In 2013, the Philippines joined the Extractive Industries Transparency Initiative (EITI). We were among the first countries to meet the requirements of the 2013 EITI Standard. However, not much has happened in terms of progress of the initiative in the country since then. EITI is not just about disclosure of revenues. It is an opportunity to create spaces for dialogue between stakeholders of the extractive sector. While the relationship between the stakeholders may not always be friendly, it facilitates an opportunity for dialogue. Disclosure of data and dialogues will not immediately solve the problems of the extractive sector. But it contributes to objective, evidence-based conversations and greater accountability of stakeholders.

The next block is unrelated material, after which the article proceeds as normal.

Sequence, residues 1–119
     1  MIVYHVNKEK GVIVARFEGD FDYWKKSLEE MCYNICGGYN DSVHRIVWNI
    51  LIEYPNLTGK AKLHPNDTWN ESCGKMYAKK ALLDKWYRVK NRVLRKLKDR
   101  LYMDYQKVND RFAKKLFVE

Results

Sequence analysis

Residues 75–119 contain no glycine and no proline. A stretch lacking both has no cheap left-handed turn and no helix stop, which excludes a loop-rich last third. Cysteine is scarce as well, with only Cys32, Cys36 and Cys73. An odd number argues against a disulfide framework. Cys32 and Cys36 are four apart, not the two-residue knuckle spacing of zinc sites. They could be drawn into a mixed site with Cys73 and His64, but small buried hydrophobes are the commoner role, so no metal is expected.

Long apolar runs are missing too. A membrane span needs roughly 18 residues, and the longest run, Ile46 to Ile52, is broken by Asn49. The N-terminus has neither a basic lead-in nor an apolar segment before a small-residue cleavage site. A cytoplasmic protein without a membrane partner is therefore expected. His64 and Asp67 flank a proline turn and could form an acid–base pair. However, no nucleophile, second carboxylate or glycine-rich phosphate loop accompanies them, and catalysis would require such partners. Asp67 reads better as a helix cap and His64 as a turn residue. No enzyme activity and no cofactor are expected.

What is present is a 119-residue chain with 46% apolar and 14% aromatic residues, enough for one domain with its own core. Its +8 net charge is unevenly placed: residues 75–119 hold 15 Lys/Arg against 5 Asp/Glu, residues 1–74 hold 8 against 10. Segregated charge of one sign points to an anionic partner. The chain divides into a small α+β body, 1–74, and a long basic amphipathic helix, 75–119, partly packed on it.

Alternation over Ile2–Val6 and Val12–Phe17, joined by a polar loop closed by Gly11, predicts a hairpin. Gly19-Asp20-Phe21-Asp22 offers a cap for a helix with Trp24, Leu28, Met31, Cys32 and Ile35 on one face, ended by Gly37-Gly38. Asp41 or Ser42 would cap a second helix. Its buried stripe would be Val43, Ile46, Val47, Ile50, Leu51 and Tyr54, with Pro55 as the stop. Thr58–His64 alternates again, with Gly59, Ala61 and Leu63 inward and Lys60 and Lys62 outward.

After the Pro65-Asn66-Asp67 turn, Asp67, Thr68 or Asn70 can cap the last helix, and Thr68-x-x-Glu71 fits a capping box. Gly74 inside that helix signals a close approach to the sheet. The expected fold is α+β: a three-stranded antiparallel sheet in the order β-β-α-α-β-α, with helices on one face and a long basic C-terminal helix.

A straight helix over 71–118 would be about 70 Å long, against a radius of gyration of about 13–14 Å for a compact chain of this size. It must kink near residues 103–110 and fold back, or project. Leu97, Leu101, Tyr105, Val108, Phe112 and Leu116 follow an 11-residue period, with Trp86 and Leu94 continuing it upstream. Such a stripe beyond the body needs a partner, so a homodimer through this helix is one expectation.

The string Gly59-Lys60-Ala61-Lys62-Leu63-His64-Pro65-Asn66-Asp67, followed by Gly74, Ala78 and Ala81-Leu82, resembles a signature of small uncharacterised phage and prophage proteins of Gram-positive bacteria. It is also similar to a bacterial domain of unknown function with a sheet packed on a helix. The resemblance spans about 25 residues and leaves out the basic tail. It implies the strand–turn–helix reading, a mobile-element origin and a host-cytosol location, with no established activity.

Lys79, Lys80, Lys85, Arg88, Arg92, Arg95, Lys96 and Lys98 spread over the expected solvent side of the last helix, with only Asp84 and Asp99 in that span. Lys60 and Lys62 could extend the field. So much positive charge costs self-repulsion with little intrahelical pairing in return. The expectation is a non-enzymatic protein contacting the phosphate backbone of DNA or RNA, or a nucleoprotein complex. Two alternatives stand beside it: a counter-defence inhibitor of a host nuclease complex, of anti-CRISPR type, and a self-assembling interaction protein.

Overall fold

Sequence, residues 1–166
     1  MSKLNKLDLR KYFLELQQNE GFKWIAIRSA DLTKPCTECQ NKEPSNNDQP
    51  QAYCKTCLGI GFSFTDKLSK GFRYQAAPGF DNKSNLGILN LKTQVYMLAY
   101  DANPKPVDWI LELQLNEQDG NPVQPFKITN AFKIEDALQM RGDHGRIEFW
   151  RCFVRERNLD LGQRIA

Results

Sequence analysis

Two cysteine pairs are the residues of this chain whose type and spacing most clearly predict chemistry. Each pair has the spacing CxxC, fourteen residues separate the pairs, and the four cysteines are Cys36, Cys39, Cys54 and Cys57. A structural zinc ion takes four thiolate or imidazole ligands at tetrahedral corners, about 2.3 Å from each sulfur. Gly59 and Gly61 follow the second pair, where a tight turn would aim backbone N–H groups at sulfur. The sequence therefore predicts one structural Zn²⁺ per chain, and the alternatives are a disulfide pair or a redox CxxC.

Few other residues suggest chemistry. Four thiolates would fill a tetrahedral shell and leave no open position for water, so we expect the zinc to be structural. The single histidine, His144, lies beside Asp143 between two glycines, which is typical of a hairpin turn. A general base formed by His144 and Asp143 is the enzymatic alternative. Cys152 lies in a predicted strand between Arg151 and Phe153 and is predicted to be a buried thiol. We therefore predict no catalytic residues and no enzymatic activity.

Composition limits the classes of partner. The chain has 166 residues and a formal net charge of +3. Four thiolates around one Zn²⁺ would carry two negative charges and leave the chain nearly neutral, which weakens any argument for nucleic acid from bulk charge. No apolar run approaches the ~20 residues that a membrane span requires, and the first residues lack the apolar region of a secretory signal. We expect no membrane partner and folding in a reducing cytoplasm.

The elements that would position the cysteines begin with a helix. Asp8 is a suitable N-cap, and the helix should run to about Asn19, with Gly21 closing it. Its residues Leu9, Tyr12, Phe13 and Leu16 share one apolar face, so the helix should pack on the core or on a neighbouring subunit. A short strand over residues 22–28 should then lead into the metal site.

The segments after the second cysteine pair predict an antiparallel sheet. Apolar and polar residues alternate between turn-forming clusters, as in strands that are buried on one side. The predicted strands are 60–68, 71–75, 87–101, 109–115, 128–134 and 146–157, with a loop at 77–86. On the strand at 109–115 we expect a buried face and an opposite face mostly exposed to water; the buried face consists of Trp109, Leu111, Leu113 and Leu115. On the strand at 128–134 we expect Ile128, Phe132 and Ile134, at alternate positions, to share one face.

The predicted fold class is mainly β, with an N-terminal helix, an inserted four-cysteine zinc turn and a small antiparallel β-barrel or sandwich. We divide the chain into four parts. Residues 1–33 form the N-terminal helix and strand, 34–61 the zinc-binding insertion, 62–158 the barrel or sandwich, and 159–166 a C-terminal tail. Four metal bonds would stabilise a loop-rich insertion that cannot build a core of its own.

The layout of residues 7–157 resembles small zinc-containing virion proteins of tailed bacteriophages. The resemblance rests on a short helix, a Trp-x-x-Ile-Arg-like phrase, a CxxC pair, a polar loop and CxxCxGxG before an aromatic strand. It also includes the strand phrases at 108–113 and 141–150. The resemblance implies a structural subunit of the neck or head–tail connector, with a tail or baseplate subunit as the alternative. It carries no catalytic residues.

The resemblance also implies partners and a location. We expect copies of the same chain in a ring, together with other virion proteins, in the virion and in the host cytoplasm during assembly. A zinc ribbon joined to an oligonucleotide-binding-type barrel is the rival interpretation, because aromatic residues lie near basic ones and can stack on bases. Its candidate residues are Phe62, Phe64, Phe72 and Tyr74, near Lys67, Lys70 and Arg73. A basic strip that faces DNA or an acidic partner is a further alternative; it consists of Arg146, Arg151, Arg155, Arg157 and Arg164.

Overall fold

The Philippine EITI started to publicly disclose information about the large-scale metallic mining sector. This is supported by the Chamber of Mines of the Philippines. In fact, disclosure went beyond what was required by the 2013 Standard. Albeit incomplete, the Philippines was a model in disclosing environmental and social data. The next logical step would have been more systematic disclosure of latest disaggregated data to allow monitoring and independent analysis by communities and the public. Another logical step is to replicate the national level multi-stakeholder conversation and disclosure at the sub-national or local level to also cover the small-scale mining industry. The stakeholders from civil society and the mining industry support this track. But the most important support for good governance in the extractive sector to continue should come from the government.